King of the Mountains


One way to understand the theology of the Bible is to trace its themes from beginning to end. One important theme is the mountain. The story of our Christian journey intersects with three major metaphorical mountains in the Bible: Mount Sinai, Mount Calvary, and Mount Zion—and Jesus is King of all these mountains.


Moses ascends Mount Sinai in Exodus 19, and God appears to him in all his glory. There is fire, smoke, thunder, and lightning. The people below are terrified because they are being confronted with his holiness. Moses then brings down God’s Law to the people, which codifies God’s holiness and shows the spiritual gap between God and humanity.

Mount Sinai should terrify us too. When we see God’s Law, we see how unholy we are and how holy he is. I dare you to obey the Ten Commandments for one day. We have broken all of them thousands of times:

We’ve all stolen. We’ve all disrespected our parents. We’ve all hated people in our heart.

In comparison to a holy God we become aware of how sinful we are. Sinai shows us our sin.


Physically speaking, Sinai is a huge mountain but Calvary is a glorified speed bump. Spiritually, though, Calvary is way bigger.

On Calvary, a name that comes from the Latin for “Golgatha,” Jesus ascended and brought down God’s grace through the cross.

Grace terrifies us because it is beyond our efforts. On Calvary, justice and mercy kissed at Jesus’ crucifixion. The power of fire, smoke, thunder, and lightning on Sinai was embodied in the gruesome image of blood dripping off Jesus’ body on the cross. He was dying for all the times we broke the laws he gave us at Mount Sinai.

Our salvation is utterly dependent on God’s grace. Calvary shows it to us.


We will one day ascend Mount Zion, where Jesus will literally bring down heaven.

The Zion in heaven is the mountain where God reigns, where our home—the New Jerusalem—will be, and where we will live forever (Heb. 12:22). Looking to Zion gives us hope that all of creation will be perfected, and all pain and suffering will disappear.

Jesus’ redemption of creation will one day be completed. Zion shows us paradise.


In the Christian life, we journey along these three mountains. We see that we are sinners because we have violated God’s Law (Mount Sinai), that we have received grace through Jesus on the cross (Mount Calvary), and that we will be living in heaven with the reigning King (Mount Zion).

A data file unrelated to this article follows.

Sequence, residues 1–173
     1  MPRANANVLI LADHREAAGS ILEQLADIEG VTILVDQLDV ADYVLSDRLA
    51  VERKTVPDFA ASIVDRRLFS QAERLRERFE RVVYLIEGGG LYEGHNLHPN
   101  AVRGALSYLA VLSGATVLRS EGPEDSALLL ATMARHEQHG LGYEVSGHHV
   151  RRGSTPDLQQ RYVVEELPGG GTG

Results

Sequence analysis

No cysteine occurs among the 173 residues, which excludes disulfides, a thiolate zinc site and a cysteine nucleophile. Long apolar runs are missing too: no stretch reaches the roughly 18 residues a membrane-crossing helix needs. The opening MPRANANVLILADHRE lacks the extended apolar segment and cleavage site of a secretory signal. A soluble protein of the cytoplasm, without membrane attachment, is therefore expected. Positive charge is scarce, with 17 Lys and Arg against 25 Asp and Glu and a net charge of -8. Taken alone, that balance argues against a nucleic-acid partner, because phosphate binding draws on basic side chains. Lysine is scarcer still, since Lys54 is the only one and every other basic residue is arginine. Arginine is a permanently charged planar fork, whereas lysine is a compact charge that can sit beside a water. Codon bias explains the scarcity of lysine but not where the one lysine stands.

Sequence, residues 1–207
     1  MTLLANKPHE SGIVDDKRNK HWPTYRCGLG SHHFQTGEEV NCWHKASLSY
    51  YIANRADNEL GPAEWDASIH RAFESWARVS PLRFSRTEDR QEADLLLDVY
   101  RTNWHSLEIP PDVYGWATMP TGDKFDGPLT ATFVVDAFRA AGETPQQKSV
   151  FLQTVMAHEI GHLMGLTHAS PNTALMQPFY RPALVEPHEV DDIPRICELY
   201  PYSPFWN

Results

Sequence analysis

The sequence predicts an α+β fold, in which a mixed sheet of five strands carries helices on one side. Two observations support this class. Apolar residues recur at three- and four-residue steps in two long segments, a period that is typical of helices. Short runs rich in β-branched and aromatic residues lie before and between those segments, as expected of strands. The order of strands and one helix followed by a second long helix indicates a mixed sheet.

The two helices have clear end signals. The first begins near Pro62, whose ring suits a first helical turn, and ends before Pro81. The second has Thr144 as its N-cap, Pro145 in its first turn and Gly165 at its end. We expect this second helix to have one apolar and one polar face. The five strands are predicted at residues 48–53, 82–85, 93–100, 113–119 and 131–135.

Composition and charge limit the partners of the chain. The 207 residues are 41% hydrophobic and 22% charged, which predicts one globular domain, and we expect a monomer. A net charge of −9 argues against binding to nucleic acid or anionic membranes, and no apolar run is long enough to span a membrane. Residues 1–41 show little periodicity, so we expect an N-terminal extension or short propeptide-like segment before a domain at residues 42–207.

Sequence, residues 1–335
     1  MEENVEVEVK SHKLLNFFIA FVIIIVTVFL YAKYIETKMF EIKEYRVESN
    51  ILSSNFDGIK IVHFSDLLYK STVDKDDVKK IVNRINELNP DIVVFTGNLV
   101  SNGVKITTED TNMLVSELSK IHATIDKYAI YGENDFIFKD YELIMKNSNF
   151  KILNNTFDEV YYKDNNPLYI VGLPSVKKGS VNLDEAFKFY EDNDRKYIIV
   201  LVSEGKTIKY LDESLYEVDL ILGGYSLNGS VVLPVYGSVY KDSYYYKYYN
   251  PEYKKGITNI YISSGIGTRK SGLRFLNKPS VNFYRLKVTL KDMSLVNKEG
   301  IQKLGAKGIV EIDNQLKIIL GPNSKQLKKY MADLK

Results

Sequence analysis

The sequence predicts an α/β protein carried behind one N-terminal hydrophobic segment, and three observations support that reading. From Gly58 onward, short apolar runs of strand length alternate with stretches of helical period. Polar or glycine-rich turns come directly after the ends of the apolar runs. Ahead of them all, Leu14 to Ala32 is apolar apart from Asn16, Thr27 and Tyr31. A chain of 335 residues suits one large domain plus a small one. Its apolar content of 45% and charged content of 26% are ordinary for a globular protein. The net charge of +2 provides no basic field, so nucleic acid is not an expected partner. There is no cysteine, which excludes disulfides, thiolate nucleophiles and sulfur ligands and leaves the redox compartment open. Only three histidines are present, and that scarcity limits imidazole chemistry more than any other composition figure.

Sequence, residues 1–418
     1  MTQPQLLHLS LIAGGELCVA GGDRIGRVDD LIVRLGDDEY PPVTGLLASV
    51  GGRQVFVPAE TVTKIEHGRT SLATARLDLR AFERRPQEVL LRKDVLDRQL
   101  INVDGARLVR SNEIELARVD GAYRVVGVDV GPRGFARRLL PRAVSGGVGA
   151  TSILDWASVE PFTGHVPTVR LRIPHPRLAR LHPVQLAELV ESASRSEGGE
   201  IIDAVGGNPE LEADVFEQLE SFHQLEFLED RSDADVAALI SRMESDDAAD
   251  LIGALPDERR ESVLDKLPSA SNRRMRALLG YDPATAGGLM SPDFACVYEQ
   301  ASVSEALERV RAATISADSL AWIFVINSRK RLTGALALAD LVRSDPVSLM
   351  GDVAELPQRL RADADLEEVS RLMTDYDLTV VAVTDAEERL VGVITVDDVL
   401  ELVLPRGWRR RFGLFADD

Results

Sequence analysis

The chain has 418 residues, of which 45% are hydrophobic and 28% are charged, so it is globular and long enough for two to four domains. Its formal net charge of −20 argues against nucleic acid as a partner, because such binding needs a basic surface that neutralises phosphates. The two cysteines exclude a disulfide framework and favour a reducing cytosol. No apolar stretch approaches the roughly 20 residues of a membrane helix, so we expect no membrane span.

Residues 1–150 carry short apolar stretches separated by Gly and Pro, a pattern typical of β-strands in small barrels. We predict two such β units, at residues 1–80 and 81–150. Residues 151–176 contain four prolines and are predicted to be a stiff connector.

The Christian life is best when we live between Mount Calvary and Mount Zion—looking back at what Jesus has done for us and towards the future of what he will do for us.

Often in the Christian life we find ourselves at Sinai, beating ourselves up for breaking God’s laws, living in guilt and shame. This is expressed in thoughts like “If I go to church enough, I will get Zion.” Wrong! Zion comes through the promise, not the Law (Gal. 4:21–26). Zion is received, not achieved (Heb. 12:28). If we return to Sinai, the Law controls us through guilt. Living the Christian life at Sinai leads to total bondage.

Look at Calvary and you’ll see Zion.

Paul reminds the Galatians who have returned to Sinai of this, basically telling them, “Here’s the gospel—you’re stupid because you left it!” (Gal. 3:1) It’s not as if he’s calling them out just to be jerks, but he is giving them a rebuke that leads to repentance and a return to Jesus. Even though this is weird for a guy to say, Paul tells them that it is as if he is in the anguish of childbirth until they understand the grace of Jesus. (Gal. 4:19) Every Christian should have this same anguish.

So what do you do if you find yourself detoured back to Sinai?Remember Calvary, to be pointed forward to Zion. When we remember Calvary, we remember that we are children of the King and that Jesus is preparing a place for us on Zion. In Christ, we don’t belong on Sinai—we belong on Zion.

Which mountain is biggest in your life? Is it Mount Sinai? If so, return to Calvary.

When you look at Calvary, you will be able to see Zion.

MissionHarvey Turner